Want a holiday from the politicians? Avoid France

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The Independent Online
Holidaymakers wishing to avoid politicians should think again if they have made a booking in France. Our nearest neighbour is now the favourite place for Cabinet ministers and Opposition leaders to get away from it all.

MPs have packed their bags for an 89-day break - their longest for 15 years - with France their top destination, replacing Chiantishire (Tuscany, northern Italy) in their affections. The Prime Minister will start a fortnight's holiday in France tomorrow with lunch in Paris with President Jacques Chirac. Number 10 was coy about precisely where John Major will be buying his croissants, but it marks a change from recent annual breaks in Portugal.

Michael Heseltine, the Deputy Prime Minister, is taking a break "somewhere overseas".

Tony Blair is heading off to the south of France to show his modernising credentials on the Cote d'Azur, while Paddy Ashdown, leader of the Liberal Democrats and a Francophile, is hiring a gite in the Burgundy region of western France to prepare for his party conference in September.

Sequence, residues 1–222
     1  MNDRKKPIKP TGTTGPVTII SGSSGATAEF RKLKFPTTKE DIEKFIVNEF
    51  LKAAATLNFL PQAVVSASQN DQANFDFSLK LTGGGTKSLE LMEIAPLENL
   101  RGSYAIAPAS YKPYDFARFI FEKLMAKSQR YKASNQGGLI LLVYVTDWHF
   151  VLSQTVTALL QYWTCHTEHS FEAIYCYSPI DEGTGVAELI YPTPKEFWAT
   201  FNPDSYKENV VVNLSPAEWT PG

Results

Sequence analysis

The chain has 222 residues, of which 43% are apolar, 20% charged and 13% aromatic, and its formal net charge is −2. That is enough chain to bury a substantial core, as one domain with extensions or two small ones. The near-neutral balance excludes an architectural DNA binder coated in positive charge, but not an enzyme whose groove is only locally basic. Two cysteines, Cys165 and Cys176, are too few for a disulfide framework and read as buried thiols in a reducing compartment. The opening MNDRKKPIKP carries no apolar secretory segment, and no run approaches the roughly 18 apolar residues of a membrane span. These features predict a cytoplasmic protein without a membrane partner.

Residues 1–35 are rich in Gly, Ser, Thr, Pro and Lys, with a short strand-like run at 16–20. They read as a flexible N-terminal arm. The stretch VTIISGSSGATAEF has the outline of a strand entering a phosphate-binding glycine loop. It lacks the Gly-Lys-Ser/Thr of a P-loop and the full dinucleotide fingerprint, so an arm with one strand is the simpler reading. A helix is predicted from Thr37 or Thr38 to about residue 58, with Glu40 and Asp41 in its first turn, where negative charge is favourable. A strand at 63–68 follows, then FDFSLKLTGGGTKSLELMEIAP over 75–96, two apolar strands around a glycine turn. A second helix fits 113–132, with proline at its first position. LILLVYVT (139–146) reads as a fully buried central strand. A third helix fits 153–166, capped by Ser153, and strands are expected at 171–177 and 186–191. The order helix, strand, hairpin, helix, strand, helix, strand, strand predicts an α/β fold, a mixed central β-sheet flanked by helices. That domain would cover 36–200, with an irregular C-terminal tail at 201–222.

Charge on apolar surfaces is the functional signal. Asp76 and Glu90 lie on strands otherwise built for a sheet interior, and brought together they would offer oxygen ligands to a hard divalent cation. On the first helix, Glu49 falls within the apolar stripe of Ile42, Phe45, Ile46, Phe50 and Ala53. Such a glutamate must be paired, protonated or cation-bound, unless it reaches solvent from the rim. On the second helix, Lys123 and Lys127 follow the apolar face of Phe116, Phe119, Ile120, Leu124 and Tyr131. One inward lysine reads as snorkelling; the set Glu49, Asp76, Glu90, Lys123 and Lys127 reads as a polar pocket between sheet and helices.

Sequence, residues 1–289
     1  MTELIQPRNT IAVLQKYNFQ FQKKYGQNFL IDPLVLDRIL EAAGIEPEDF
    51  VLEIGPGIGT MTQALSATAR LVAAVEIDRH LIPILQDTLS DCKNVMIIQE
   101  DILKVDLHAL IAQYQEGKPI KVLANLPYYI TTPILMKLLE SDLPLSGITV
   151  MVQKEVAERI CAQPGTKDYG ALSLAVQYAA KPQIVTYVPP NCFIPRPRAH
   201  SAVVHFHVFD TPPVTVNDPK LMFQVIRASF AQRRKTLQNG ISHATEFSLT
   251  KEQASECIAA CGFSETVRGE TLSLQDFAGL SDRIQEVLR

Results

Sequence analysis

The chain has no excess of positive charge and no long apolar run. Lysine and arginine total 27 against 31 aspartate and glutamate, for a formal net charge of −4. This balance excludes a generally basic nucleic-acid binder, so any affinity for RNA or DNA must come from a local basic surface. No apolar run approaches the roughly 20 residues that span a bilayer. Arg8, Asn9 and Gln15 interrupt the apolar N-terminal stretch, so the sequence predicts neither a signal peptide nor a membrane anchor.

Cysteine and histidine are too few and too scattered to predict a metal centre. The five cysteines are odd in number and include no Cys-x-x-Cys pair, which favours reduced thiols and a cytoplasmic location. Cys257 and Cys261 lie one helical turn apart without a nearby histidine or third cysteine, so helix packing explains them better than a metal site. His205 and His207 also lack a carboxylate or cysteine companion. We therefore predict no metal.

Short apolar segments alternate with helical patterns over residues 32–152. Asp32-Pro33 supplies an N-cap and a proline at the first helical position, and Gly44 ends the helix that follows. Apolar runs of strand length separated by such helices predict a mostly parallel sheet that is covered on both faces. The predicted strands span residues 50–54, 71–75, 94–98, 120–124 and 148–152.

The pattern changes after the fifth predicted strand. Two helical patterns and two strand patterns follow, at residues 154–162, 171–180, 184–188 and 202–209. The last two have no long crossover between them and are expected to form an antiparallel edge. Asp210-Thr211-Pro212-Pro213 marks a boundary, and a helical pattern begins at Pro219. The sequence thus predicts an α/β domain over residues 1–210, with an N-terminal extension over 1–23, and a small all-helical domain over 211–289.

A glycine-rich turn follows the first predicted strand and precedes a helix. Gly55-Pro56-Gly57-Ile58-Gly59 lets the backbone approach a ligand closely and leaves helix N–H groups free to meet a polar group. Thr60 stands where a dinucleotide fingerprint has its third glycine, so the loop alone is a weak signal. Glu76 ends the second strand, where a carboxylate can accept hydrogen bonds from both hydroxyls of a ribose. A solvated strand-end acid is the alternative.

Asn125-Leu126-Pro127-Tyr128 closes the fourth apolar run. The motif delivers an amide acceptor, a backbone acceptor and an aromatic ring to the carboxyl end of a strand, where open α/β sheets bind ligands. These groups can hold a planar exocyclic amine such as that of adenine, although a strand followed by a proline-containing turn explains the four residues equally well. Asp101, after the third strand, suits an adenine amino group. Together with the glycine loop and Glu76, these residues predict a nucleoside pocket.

France is also the holiday destination of Gillian Shephard, Secretary of State for Education and Employment, and a fluent French speaker; Stephen Dorrell, Secretary of State for Health; and Michael Howard, the Home Secretary. Peter Lilley, Secretary of State for Social Security, is off to his family farmhouse near Dieppe in Normandy before heading for Italy. Kenneth Clarke will pack his bags for Spain this weekend to spend a fortnight in the sunshine away from the Greenbury committee, fat cats and the flak around Westminster. But the Chancellor will not be exposing his own inflationary figure to the heat on the sands of Benidorm. "He is not a beach man," said one of his friends.

Among members of the Shadow Cabinet, Donald Dewar, social security spokesman, says he prefers Scotland to abroad and will be walking in the Highlands. David Blunkett is taking his three sons to Minorca: "I enjoy the sunshine and relaxation of Spain."

The Foreign Secretary, Malcolm Rifkind, and the Secretary of State for Defence, Michael Portillo, have made special arrangements to be reached easily on holiday should the Bosnian crisis escalate.

Meanwhile, Virginia Bottomley, the Secretary of State for National Heritage and the minister responsible for tourism, is flying the flag for Britain by spending her holidays, as usual, on the Isle of Wight.